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Waste not, want not


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  • | 11:00 a.m. April 29, 2016
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Executives and supervisors at Waste Pro often walk around facilities with wads of hundred-dollar bills in their pockets.

The money is for Franklin Awards: They will randomly walk up to employees, in any department, and pass out $100 bills for good work and good deeds on the job. It could come from a letter written by a customer. Or something the supervisor notices from behind the scenes.

Waste Pro will need a lot of Franklins for its latest project, a $14.2 million expansion of its Manatee County facility. Scheduled for completion by July, the expansion is partially to meet the needs of an extension in its contract with Manatee County. The contract, for most of the west side of the county, is to pick up single-stream recycling, where residents will have one 64-gallon cart. Under the old system, residents received one cart for paper and another for other recyclables.

The contract extension will last through at least 2023. Longwood-based Waste Pro, with about $600 million in annual in revenues, contracts in eight Southeast states and 2,800 employees, expects to hire 20 people in Manatee for the new contract.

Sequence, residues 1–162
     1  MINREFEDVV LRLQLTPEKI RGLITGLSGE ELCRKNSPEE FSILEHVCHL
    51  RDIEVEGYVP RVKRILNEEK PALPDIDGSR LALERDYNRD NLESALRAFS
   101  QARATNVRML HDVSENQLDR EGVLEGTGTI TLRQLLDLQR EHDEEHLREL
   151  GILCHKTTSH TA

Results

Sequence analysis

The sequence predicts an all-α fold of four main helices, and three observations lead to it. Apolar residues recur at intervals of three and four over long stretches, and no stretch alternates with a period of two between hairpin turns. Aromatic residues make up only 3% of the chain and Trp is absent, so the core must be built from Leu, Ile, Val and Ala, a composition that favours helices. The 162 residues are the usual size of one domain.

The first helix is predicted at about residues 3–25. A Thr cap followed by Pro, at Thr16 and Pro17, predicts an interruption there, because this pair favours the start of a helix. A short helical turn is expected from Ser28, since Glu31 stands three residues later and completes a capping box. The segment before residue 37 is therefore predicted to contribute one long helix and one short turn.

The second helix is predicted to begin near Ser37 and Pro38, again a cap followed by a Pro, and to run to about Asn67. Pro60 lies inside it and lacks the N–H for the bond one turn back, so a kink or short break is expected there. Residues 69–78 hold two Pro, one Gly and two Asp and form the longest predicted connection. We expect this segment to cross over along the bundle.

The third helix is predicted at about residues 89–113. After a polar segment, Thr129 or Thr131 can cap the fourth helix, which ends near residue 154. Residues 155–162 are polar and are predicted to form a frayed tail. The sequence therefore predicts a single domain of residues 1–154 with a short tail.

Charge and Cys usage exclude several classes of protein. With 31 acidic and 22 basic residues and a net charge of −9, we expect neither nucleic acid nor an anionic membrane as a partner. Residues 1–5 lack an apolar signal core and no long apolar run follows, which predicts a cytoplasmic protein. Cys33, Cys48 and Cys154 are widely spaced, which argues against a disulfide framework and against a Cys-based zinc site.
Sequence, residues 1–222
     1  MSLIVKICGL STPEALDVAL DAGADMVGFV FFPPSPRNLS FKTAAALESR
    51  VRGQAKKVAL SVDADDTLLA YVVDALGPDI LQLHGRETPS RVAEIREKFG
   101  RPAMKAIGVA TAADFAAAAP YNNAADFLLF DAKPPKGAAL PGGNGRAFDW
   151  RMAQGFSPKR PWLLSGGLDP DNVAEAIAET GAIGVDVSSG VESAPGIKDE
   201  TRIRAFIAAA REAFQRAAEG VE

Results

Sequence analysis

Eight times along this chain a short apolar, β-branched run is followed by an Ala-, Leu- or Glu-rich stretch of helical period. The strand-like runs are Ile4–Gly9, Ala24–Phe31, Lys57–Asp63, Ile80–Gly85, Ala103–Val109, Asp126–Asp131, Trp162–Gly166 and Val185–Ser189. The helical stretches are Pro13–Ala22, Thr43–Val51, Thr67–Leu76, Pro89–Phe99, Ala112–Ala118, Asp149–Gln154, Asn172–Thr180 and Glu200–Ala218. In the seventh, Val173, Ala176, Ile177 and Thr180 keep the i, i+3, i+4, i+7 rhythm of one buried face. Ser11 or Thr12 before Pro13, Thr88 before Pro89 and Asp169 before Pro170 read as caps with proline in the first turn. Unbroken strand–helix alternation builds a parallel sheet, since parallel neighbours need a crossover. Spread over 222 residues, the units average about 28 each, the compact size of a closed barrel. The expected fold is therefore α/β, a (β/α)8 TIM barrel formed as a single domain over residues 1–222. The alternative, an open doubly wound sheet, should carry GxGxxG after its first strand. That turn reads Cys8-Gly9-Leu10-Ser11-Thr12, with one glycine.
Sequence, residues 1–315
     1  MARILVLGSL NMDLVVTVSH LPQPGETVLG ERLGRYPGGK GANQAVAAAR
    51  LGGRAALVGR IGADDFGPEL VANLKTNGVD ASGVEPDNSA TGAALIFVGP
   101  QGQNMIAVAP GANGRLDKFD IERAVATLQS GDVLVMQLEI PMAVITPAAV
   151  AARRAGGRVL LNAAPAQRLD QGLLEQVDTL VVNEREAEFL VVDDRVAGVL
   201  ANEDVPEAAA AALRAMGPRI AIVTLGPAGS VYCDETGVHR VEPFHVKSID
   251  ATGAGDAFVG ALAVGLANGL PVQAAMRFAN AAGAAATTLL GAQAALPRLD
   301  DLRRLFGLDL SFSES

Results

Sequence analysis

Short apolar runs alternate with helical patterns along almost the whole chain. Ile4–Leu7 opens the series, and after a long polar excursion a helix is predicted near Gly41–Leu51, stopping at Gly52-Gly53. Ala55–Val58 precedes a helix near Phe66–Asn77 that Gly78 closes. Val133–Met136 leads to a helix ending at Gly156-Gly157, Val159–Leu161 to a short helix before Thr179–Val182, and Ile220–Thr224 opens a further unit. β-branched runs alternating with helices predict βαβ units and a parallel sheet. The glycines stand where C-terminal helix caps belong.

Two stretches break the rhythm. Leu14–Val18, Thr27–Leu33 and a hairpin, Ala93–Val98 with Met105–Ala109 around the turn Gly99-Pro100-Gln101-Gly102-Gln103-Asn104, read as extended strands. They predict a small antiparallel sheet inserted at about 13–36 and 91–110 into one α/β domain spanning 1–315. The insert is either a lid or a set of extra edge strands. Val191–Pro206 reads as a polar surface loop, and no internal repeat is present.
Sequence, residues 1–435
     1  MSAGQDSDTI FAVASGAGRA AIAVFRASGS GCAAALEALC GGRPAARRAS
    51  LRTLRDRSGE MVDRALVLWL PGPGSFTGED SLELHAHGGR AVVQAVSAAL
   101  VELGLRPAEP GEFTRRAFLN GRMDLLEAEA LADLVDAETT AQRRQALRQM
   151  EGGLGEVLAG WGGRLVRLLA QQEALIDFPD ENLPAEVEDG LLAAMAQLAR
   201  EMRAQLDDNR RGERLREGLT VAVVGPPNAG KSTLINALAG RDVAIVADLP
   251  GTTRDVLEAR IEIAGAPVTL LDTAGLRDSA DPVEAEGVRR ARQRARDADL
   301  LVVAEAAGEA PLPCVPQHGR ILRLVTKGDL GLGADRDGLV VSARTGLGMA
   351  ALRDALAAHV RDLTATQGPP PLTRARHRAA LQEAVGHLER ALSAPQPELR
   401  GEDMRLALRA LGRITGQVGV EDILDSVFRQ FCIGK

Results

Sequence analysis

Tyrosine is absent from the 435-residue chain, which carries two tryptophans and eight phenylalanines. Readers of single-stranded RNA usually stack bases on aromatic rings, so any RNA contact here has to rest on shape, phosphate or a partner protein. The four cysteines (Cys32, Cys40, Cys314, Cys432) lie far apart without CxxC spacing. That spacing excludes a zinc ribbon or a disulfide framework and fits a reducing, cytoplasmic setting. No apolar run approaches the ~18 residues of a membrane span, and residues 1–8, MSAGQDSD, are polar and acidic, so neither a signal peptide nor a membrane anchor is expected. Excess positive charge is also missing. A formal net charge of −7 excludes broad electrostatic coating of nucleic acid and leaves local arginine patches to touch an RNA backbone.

Expansion work includes $2 million on a compressed natural gas plant and $1 million for a 30,000-square-foot collection center, called a material recovery facility, with two landing docks and a 75-foot scale. The center will be able to handle 20,000 tons of recyclables a year.

There's also nearly $5 million for a dozen new compressed natural gas recycling trucks and $2.4 million on equipment. “There's a lot of activity going on to start a pick-up contract,” says Keith Banasiak, Waste Pro's regional vice president of Southwest Florida, which stretches from Tampa to Naples.

The project also goes deeper than Manatee County work and proves how committed Waste Pro is to the region. Says Banasiak: “This definitely opens up a lot of doors with other municipalities and corporate work.”

 

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